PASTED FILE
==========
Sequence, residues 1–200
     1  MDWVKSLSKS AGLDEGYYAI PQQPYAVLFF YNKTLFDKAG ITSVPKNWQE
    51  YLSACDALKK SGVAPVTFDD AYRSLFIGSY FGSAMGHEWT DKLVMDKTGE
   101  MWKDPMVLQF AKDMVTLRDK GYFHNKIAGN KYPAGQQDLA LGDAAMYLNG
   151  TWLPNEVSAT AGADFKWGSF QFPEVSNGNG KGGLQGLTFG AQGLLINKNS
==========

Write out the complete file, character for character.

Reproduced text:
Sequence, residues 1–200
     1  MDWVKSLSKS AGLDEGYYAI PQQPYAVLFF YNKTLFDKAG ITSVPKNWQE
    51  YLSACDALKK SGVAPVTFDD AYRSLFIGSY FGSAMGHEWT DKLVMDKTGE
   101  MWKDPMVLQF AKDMVTLRDK GYFHNKIAGN KYPAGQQDLA LGDAAMYLNG
   151  TWLPNEVSAT AGADFKWGSF QFPEVSNGNG KGGLQGLTFG AQGLLINKNS